A 19-year U.S. Army program that tested defenses against biological and chemical weapons—populated chiefly by noncombatant Seventh-day Adventist volunteers—is remembered as a front line against a form of attack all too current in the wake of the Sept. 11, 2001, terrorist attacks.
The 30th anniversary of “Operation Whitecoat” was celebrated Oct. 3 to 5 at the Frederick Seventh-day Adventist Church in Maryland. Operation Whitecoat was housed at Frederick’s Fort Detrick, which hosts the U.S. Army’s programs that create defenses against biological and chemical attacks. Beginning in 1954, Operation Whitecoat was a key program at the fort, testing and developing defenses for anthrax, yellow fever, Q-fever, tularemia and several forms of encephalitis.
Rep. Tom DeLay of Texas, majority leader of the United States House of Representatives, and Dr. Jan Paulsen, president of the Seventh-day Adventist world church, were featured speakers for this group of veterans who returned to Fort Detrick.
DeLay spoke of the war against terrorism and said America once again turns to the Army installation, this time to protect against the terrible outcomes of biological and chemical attacks.
“Freedom will once again win,” DeLay noted, referring to previous battles and to the contributions of soldiers in Fort Detrick’s unique medical programs.
Noting that the majority of the 2,300 Operation Whitecoat volunteers were Adventists, Pastor Paulsen challenged the veterans to continue giving of themselves unselfishly.
“The Lord finds ways through you to express compassion,” he said. “Look for ways to give your time and energy to reach out to the lives of others.”
Many veterans say they were “just guys in the army.” “They make too much of us,” says Marnelle McNeilus, a Whitecoat veteran from 1969 through 1971.
“In the army, I was just serving my time,” says Dallas Pfeiffer, a Whitecoat in the 1960s. “Only afterward did I get to find out we did great things that affected the whole world, military and civilian.”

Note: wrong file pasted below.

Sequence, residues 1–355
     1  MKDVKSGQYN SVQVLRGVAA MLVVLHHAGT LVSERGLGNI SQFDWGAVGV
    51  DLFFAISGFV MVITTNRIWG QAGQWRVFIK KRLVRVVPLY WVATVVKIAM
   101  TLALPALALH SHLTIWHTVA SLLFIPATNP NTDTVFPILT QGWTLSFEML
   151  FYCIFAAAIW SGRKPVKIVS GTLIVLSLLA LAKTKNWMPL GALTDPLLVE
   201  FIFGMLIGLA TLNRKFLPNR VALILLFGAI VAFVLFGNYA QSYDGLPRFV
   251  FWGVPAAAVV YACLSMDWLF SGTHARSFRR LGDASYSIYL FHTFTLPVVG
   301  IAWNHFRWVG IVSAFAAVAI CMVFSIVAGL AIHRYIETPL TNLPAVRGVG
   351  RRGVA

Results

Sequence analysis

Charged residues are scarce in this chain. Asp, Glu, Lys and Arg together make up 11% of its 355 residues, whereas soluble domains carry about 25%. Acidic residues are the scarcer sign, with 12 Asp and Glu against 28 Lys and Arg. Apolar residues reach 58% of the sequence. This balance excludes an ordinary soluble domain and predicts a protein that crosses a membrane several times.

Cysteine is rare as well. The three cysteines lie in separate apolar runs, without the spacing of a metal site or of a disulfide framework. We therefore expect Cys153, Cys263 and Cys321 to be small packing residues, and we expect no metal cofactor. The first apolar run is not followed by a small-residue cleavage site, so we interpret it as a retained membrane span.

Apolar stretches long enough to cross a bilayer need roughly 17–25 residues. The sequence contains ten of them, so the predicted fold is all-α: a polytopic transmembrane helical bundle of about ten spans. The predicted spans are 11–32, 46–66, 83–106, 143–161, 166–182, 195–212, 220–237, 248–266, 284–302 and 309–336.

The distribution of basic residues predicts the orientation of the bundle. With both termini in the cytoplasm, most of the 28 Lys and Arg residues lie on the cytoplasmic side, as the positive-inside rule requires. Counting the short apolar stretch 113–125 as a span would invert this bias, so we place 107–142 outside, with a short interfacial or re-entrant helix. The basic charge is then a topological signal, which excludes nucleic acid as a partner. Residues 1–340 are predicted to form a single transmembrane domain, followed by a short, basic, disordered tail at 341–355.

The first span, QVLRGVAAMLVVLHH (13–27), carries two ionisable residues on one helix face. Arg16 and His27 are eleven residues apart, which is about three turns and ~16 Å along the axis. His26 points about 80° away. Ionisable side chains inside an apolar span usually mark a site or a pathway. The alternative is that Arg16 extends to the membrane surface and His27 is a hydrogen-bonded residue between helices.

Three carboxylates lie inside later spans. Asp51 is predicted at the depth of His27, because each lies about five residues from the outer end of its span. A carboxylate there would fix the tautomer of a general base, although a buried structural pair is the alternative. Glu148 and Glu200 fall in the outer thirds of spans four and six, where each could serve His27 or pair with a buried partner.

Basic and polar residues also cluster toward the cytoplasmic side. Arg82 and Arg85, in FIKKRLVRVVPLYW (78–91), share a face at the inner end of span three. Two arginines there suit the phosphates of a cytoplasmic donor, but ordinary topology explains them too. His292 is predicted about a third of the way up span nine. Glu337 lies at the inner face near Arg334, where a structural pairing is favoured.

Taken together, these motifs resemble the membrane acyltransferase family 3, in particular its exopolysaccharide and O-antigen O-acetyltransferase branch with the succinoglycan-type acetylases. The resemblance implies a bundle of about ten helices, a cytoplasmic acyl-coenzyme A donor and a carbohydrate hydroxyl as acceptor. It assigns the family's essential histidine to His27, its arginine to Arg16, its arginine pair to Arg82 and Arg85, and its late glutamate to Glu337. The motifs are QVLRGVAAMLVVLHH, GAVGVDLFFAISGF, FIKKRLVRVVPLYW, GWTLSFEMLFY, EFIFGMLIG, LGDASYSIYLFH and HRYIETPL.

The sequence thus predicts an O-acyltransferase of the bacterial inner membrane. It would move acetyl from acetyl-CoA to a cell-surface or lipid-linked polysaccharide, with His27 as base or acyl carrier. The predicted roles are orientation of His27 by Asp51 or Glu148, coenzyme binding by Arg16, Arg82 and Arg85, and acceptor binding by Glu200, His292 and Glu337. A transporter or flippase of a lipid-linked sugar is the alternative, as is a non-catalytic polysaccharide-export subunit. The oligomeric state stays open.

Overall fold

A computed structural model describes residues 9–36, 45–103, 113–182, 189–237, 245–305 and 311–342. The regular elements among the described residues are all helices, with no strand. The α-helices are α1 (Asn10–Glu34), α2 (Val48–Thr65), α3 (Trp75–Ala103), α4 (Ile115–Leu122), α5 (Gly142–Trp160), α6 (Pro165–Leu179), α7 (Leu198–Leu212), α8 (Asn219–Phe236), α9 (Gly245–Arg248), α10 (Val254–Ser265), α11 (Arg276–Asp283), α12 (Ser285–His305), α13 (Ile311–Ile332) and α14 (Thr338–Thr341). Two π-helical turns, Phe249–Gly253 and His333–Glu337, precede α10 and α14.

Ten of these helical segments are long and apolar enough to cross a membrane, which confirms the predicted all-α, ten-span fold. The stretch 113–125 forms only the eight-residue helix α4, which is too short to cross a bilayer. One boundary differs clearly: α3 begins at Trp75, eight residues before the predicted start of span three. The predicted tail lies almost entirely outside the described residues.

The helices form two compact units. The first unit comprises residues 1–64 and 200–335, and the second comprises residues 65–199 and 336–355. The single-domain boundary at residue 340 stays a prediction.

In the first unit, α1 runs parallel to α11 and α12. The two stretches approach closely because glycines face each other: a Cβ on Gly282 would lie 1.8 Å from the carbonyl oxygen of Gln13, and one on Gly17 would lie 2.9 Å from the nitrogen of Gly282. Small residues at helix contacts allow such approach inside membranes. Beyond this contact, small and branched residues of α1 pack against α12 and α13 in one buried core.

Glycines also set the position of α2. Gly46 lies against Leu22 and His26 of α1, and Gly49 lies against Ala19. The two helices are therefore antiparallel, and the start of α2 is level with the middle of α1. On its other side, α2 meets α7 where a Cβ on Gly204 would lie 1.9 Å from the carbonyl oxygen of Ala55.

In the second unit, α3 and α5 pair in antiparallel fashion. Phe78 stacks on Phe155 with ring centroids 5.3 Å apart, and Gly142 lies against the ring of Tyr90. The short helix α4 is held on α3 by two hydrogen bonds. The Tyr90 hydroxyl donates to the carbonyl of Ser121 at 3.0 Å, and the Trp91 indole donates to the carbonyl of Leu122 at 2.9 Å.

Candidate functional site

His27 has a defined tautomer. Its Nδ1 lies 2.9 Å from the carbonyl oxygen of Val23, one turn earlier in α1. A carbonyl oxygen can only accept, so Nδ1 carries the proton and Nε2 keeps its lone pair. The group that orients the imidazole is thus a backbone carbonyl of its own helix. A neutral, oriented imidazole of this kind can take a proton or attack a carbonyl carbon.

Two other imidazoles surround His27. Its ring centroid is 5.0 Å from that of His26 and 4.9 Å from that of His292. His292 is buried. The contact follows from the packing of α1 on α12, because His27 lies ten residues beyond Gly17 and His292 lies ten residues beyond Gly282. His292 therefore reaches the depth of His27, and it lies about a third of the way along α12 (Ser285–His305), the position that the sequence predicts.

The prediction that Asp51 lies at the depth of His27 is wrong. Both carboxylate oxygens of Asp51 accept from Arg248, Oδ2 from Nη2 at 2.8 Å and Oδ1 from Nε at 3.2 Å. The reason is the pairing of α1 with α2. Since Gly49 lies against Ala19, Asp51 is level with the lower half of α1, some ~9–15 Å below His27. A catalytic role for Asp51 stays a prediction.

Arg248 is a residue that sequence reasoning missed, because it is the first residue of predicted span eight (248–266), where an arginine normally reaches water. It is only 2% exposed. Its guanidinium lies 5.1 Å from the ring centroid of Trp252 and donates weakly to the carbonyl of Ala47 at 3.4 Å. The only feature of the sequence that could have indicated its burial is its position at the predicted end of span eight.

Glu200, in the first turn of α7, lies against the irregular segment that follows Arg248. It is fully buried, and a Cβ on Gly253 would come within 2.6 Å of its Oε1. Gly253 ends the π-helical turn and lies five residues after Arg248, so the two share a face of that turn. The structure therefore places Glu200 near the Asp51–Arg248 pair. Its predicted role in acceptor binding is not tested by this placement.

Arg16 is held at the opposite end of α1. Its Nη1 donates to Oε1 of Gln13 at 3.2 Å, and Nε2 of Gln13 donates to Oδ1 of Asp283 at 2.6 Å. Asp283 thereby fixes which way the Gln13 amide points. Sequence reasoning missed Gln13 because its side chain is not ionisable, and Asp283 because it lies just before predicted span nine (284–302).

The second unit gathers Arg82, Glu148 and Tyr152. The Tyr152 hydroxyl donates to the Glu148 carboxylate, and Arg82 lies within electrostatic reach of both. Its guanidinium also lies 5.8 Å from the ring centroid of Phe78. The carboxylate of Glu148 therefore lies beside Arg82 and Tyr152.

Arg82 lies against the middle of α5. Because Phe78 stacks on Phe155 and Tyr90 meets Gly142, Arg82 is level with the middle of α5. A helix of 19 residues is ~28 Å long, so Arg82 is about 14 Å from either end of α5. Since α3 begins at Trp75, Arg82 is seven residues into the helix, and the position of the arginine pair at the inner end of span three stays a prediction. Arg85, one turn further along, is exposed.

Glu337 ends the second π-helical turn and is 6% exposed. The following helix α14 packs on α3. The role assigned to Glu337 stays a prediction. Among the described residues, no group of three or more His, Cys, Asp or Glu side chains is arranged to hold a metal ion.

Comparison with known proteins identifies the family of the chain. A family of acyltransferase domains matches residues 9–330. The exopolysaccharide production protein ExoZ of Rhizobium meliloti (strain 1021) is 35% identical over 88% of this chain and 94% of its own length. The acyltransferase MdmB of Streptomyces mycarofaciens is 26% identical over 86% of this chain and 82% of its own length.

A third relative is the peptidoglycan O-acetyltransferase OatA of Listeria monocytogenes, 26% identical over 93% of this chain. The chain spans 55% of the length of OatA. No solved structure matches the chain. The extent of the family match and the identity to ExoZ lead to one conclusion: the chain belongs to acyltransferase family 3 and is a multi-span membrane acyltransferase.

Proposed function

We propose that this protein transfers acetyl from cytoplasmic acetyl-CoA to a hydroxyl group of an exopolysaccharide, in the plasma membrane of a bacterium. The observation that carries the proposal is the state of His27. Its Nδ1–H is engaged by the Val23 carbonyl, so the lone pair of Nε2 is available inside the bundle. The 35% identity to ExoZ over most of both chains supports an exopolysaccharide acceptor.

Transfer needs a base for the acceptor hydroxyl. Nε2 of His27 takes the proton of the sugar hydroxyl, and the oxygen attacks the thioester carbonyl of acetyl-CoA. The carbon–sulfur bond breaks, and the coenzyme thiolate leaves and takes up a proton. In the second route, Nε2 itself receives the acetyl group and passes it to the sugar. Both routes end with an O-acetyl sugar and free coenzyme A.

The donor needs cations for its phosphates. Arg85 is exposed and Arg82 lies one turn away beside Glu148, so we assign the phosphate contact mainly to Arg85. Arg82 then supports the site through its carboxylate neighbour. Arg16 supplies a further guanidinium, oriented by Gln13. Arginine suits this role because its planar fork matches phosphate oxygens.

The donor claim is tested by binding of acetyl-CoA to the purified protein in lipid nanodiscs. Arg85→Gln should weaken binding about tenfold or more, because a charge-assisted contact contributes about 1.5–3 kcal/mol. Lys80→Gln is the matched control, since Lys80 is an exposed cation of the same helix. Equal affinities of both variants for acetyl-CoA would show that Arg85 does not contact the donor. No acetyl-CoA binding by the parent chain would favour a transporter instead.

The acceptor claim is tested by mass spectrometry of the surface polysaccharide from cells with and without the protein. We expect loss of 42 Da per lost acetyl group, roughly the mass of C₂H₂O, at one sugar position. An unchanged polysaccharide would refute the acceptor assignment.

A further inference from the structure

More than 150 veterans from 32 states came to celebrate both the 30th year of the end of the Whitecoat program and the 60th anniversary of Fort Detrick.
“You have been called human research subjects. You also have been called heroes,” says Dr. Frank Damazo, who hosted the reunion.
Col. James Romano, deputy director of Fort Detrick and a medical researcher for 30 years, says medical research always will involve people, and “the safety procedures used today are derived from the Whitecoat program.”
However, the primary contribution of the Whitecoat research program was to develop vaccines and treatment regimens for the biological warfare that was just arising in the 1950s.
Some of the Whitecoat volunteers worried about being in a dangerous program. “There was a certain fear factor while I was being tested,” says John Wilson, who still resides in Frederick. “But I trusted the scientists that tested us.”
The trust wasn’t misplaced, according to a study of approximately 25 percent of participants in the program, which was released this month. The Army surveyed the Whitecoat volunteers and found virtually no long-term negative effects on their health.
Dominic Dibiase from Silver Spring, Maryland, was part of the program in 1959. “We worked with anthrax; now it’s back in the spotlight,” he explains.
Ted Swain was drafted off the farm in Okeene, Oklahoma. He felt that he was taking the easy way out, serving in Operation Whitecoat instead of some foreign theater, and says: “I didn’t feel important until we heard about anthrax and the other forms of chemical and biological warfare recently.”
Col. Arthur Anderson from Fort Detrick first came to a 1998 Whitecoat reunion to tell the veterans about the fruits of their Whitecoat service—the treatments and vaccines for some of the deadliest diseases known to man.
“But I came away with a lot more—your stories of your bravery and courage. Thank you,” he says.